The introduction gave us the biblical foundation for the discussion of the image of God. Before going into the view that sees free-will as the image of God, I would like to stress one thing. When we speak on the “image of God”, we are not going to be emphasizing the creature-Creator distinction. This is not to say that this is disregarded, for it is, in truth, an essential doctrine. But the very nature of the discussion is drawing our attention to the creature-Creator connection. We are wanting to know in what sense man is created in the “likeness of God”.
Can free-will be the image of God? It is a common conception, especially of those in
the semi-Palagian and Palagian (1) camps, that the creature-Creator connection is the free-will of man. As God has free-will, so God has given to man this characteristic. It it free-will that makes man superior to the beast. It is free-will that is the key to man’s destiny; whether he will choose good and blessedness, or choose evil and the consequent judgments. This notion of free-will being the image of God in man, however, has a few internal difficulties as well as a lack of Biblical support. Those who are of a Pelagian bent tend to see the image of God as constituting free-will to support their already assumed theodicy. The argument seems to be more an assumption than something arrived at through investigation of Biblical texts. It is posed in this manner, “God has free-will and man has free-will. Therefore, free-will is the image of God”. But this simply begs the question.
Besides begging the question, this view has some internal inconsistencies. The most obvious internal inconsistency is if God has free-will, man cannot also have free-will given the meaning of “freedom” to begin with. Those who hold that God, in His freedom, made a being who in turn thwarts the free-will of God, is, to say the least, problematic. Does God give up His freedom to give man free-will? To suppose He does, for the sake of argument, only demonstrates this cannot possibly be the image of God since God Himself ends up losing the attribute of free-will. And how, then, could man be said to be created in the likeness of God? As theologian and philosopher Gordon Clark says in relation to this, “[I]f man were free, God could not confront him imperiously, from which Feuerbach had already deduced atheism, and modernism had deified man.” (2)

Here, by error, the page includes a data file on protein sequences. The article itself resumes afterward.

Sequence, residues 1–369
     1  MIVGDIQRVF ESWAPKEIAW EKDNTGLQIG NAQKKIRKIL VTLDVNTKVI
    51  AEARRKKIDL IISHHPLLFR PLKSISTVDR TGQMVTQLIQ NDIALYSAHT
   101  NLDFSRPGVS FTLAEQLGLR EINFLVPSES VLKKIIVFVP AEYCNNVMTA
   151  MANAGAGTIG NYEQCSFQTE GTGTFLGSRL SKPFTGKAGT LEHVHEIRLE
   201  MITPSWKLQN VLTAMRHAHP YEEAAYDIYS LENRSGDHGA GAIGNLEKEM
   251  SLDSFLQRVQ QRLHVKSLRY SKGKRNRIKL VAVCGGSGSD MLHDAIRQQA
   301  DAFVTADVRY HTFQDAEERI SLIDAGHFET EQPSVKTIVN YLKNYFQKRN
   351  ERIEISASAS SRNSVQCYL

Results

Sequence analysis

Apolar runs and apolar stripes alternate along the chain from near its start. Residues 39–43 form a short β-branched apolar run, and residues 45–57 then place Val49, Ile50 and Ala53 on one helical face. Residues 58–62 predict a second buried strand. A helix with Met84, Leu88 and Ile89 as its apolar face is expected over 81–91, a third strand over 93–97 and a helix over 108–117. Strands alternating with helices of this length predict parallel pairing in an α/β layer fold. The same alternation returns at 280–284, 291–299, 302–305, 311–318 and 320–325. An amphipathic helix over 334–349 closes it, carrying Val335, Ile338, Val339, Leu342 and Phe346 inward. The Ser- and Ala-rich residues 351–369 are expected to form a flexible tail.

The point is simple: If man has free-will to frustrate God in His purposes, man’s will- not God’s will – is established. Man’s will, then, is ultimate, not God’s. And from this proposition atheism has flourished, and from it likewise man has been seen as his own god determining for himself good and evil.
The second problem is the ambiguity of the word “free-will”. If it means the ability to choose between two incompatible courses of action then the above refutation stands. If it means freedom to act outside of one’s nature then not even God has that freedom. God cannot lie, cannot become weak, and cannot speak in contradictory propositions. Man, by his constitution after the fall cannot will to do something that is outside if his natural bent. Man before and after the fall was determined by his nature. The difference now is that since the fall, man has become corrupted in all his faculties so he is free only to do that which is evil. Man is said to be “born in sin” (Ps. 51:5) and speaking lies as soon as he is born (Ps. 58:3)
The above establishes this conclusion: Free-will is not the image of God in man. It must be sought elsewhere. The next one that shall be examined is “Language and Creativity”: Is it the image of God?
(1) The works of Gordon Clark, vol. IV, page 309